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This New Keyboard Will Change Your iPhone Experience Forever!

This New Keyboard Will Change Your iPhone Experience Forever!

While iPhone users tend to have an “Android stigma”, one thing is certain, pretty much everyone uses Google’s apps in some way or another. As an iPhone user, I actually prefer Google’s browser, Chrome, to Apple’s Safari. And let’s not forget to popularity of Gmail, Google Maps, and YouTube.

Recently Google continued to narrow the smartphone divide between Android and iOS users by releasing an incredibly user-friendly, iOS-only keyboard: Gboard.

So, What is Gboard Exactly?

The stock iOS keyboard is admired by most iPhone and iPad users. They are proud of the basic yet functional nature of the keyboard; the touch sensitivity is spot-on and glitches are few and far between. But as more third party keyboard apps such as Swype have become increasingly popular, iPhone users are starting to open up to the idea of a new smartphone keyboard.

Google’s Gboard is an iOS-only keyboard that includes some extremely useful features modeled after the conveniences of already existing third-party keyboards. It allows users to easily find GIFs for text message reactions and seamlessly search through the sea of emojis that exist. Most importantly, Gboard integrates a Google search bar directly into the keyboard.

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gboard

    Emoji search, integrated Google search bar, and GIF search

    Google Search Integrated Right Into Your Texting Keyboard

    After using Gboard for a couple of weeks, I’m convinced that many of these features are crucial time savers. It’s like I never knew I needed these but I’m already realizing how much time I had been wasting. I was constantly switching between my iPhone’s Internet browser and text messages as a means of relaying information to someone via text.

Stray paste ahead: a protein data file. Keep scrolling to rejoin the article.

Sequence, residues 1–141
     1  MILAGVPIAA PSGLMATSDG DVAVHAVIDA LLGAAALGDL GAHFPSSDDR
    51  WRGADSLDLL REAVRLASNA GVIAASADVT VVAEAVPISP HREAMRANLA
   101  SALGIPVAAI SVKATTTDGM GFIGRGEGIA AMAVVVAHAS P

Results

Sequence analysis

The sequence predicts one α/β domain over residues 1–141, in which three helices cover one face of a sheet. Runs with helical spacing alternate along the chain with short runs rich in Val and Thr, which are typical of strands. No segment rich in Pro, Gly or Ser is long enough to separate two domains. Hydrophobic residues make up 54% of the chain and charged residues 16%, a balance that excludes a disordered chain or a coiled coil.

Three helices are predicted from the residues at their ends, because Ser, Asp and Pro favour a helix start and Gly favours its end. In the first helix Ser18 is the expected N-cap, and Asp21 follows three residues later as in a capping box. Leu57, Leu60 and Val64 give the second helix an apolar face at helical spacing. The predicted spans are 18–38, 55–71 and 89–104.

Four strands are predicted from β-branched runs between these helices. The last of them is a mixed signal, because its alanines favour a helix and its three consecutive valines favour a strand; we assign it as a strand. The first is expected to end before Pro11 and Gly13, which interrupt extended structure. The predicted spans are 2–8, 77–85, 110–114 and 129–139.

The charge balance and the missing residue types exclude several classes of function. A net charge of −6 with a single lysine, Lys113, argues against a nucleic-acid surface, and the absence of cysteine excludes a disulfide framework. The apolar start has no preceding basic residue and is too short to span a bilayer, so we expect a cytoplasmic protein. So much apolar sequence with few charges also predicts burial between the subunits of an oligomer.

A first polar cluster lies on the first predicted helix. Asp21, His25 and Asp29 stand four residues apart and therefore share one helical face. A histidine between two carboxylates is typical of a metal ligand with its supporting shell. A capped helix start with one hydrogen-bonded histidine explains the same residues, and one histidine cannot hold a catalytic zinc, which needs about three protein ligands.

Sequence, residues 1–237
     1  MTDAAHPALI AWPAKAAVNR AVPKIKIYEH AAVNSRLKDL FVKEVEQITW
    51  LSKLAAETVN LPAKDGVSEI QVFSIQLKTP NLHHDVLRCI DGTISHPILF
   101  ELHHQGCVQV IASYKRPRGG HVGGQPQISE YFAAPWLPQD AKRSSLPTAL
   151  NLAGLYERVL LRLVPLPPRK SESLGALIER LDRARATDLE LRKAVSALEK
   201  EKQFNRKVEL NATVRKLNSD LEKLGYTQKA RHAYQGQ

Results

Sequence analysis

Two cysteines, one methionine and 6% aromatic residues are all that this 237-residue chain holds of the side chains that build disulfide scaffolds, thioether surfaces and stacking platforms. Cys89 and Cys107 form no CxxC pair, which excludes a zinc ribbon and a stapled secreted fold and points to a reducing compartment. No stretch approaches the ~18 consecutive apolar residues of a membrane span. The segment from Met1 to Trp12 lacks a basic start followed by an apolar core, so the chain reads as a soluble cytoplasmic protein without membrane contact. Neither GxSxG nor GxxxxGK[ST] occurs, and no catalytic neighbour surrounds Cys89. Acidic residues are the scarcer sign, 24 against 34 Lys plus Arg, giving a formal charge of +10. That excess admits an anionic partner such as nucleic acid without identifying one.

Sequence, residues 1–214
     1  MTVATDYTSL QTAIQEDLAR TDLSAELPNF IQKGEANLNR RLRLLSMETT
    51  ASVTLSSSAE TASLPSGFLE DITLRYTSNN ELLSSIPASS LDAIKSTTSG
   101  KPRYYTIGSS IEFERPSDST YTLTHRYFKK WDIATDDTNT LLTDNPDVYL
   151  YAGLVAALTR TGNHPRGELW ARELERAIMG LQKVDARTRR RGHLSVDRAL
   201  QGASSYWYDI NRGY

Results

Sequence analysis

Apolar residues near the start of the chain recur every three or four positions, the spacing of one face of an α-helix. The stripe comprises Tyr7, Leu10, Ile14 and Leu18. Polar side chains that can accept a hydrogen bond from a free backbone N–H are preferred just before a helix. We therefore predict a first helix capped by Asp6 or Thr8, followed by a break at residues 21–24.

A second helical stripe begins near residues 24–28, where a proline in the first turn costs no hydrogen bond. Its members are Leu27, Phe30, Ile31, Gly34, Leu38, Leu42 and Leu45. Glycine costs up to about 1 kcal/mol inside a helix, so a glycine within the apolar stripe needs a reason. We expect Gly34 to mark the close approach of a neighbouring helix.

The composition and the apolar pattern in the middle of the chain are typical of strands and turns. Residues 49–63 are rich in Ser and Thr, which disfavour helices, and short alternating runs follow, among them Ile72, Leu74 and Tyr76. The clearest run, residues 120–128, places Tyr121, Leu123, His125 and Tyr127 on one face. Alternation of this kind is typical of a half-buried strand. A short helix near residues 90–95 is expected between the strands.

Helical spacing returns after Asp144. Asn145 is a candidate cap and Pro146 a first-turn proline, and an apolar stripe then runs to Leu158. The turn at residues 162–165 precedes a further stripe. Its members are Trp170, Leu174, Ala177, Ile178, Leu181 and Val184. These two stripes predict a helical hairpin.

Fortunately, there’s an integrated Google search bar within Gboard. This means that it’s no longer necessary for iPhone users to navigate away from the text message screen to look something up on Google. The ‘G’ icon is smack dab in the center of everything, which makes the process of googling a fact or getting Google Maps directions a smooth one.

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    It’s also possible to copy/paste information from those search results directly into texts. It doesn’t matter whether you’re looking for a photo, meme, or GIF or whether you’re texting, emailing, or tweeting. Gboard is all inclusive in these regards! I really recognized its full potential when I set Gboard to default on my phone.

    Searching Through Emojis and Reacting with GIFs

    This is a basic feature but in my opinion it’s actually quite groundbreaking. Tech culture is engulfed by simplicities like emojis, and with every iOS update there seems to be new additions to the massive list of colorful and diverse emoticons.

    As the list continues to grow, it can actually be a daunting task just simply trying to find the right emoji. But alas, the frustrations have melted away. Now you only have to spend a second in the search bar, instead of wasting time scrolling and manually searching through everything ‘long-hand.’